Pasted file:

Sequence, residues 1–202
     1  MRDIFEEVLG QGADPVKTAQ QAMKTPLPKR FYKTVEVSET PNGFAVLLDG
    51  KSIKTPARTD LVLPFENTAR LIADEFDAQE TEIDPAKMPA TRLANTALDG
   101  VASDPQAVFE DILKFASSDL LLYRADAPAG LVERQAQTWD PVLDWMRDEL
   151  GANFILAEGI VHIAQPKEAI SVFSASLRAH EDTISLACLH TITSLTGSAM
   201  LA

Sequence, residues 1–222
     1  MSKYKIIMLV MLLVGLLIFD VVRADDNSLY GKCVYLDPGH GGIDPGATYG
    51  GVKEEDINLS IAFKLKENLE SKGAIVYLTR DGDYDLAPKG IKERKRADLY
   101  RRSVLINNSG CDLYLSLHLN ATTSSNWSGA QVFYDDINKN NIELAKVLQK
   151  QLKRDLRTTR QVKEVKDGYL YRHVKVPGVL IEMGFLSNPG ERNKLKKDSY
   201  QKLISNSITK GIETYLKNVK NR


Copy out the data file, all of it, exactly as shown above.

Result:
Sequence, residues 1–202
     1  MRDIFEEVLG QGADPVKTAQ QAMKTPLPKR FYKTVEVSET PNGFAVLLDG
    51  KSIKTPARTD LVLPFENTAR LIADEFDAQE TEIDPAKMPA TRLANTALDG
   101  VASDPQAVFE DILKFASSDL LLYRADAPAG LVERQAQTWD PVLDWMRDEL
   151  GANFILAEGI VHIAQPKEAI SVFSASLRAH EDTISLACLH TITSLTGSAM
   201  LA

Sequence, residues 1–222
     1  MSKYKIIMLV MLLVGLLIFD VVRADDNSLY GKCVYLDPGH GGIDPGATYG
    51  GVKEEDINLS IAFKLKENLE SKGAIVYLTR DGDYDLAPKG IKERKRADLY
   101  RRSVLINNSG CDLYLSLHLN ATTSSNWSGA QVFYDDINKN NIELAKVLQK
   151  QLKRDLRTTR QVKEVKDGYL YRHVKVPGVL IEMGFLSNPG ERNKLKKDSY
   201  QKLISNSITK GIETYLKNVK NR